2. A NY band called Dog on Fleas just released a new album called “Buy One Get One Flea.” We cooked up a little launch for the album last month with a few YouTube video debuts, strategically timed over a 3-week period, and debuted with blog and radio partners. This is not a well-known band outside of their Hudson Valley milieu, although their existing fans adore them. The challenge is to build on this cult base and extend their reach more nationally (they rarely tour, and never beyond the Northeast).
The album title lent itself to the February one-month promotion where we asked fans to download the Valentines-y song “I Must Be a Genius” via the band’s Bandcamp page.
Once a fan paid for the one track ($1), they could email the band or post a note on their Facebook page, and get a bonus song for free. This was a little klunkier than the Topspin model, but there have been dozens of downloads, lots of blog posts like this one: and some nice overall buzz, making the title of the new album more memorable.
3. Roger Day makes most of his income these days from touring to schools and libraries. He often does week-long residencies in schools, and his latest albums are science oriented (STEM is a hot topic, very appealing in today’s education marketplace), and partnered with the University of Georgia two years ago to create a successful musical program about coastal ecology.
In late January, on the day when winter storms stranded students at school in Alabama, Roger posted on Facebook that he’d be happy to connect with any stranded school via Skype. Immediately, three of his teacher-fans contacted him, and within hours, he was singing and playing along with students in three Skype sessions. The students loved it.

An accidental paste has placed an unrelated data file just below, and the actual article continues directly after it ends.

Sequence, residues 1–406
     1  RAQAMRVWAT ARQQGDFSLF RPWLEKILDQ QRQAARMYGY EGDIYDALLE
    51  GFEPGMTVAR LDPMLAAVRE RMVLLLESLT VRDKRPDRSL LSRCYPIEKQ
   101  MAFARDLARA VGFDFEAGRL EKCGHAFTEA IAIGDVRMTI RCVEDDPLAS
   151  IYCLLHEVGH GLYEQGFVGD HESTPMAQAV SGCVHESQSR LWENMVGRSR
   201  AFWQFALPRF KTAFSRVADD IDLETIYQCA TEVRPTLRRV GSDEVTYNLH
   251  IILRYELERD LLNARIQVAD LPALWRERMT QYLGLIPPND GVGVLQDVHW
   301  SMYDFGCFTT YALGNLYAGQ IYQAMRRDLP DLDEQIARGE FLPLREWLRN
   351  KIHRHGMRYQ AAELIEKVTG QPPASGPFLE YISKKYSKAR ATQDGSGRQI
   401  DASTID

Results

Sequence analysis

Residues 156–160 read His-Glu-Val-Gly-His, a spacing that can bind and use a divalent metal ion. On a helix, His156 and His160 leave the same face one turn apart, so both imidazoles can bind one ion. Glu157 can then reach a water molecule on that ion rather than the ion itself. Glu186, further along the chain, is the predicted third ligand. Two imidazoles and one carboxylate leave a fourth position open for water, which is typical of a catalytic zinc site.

One of the teachers thought their session was so cool, he posted about Roger’s sing-along on Reddit. The post rose to the top of Reddit’s feed for 2 or 3 days, as people responded, talked about the weather, found out more about Roger, etc. etc. Roger also started getting requests from TV and radio show producers, and he appeared on a few shows in Alabama, also getting a feature story in the Birmingham News.
Pretty soon, the marketing folks for Skype heard about Roger’s Skype sessions. Their PR person contacted us, ran a blog post about Roger’s connection with the students, and then suggested he host some more sessions for a free service called Skype in the classroom. Roger was a little wary of doing more “Free” sessions with Skype. After all, he gets paid to work and perform in schools. We talked, and I suggested that the huge exposure (75,000 teachers participate in Skype in the Classroom, worldwide) and potential for new bookings, made it worth a few hours’ time in offering a class or two. I also suggested that he make sure that all of his web links were included in the offering, and that he create a simple handout that would provide teachers with information about all of his CDs, DVD, and booking information.
Last week, Roger posted his free class offering: https://education.skype.com/users/80263-roger-day –
This seems to be working for Roger! And he can now say that he’s an official “Skype in the Classroom” educator, which only adds to his credentials.
Within hours of posting his offering, Roger had booked 15 sessions with schools, and he’s still taking inquiries. In all cases, the teachers and students want to learn more about Roger. It’s too early to tell what will happen next, but the early response is very good. The best thing about this is that Roger does not have to leave his home studio to do these sessions, and he’s connecting with dozens of new prospects for paid work in the future.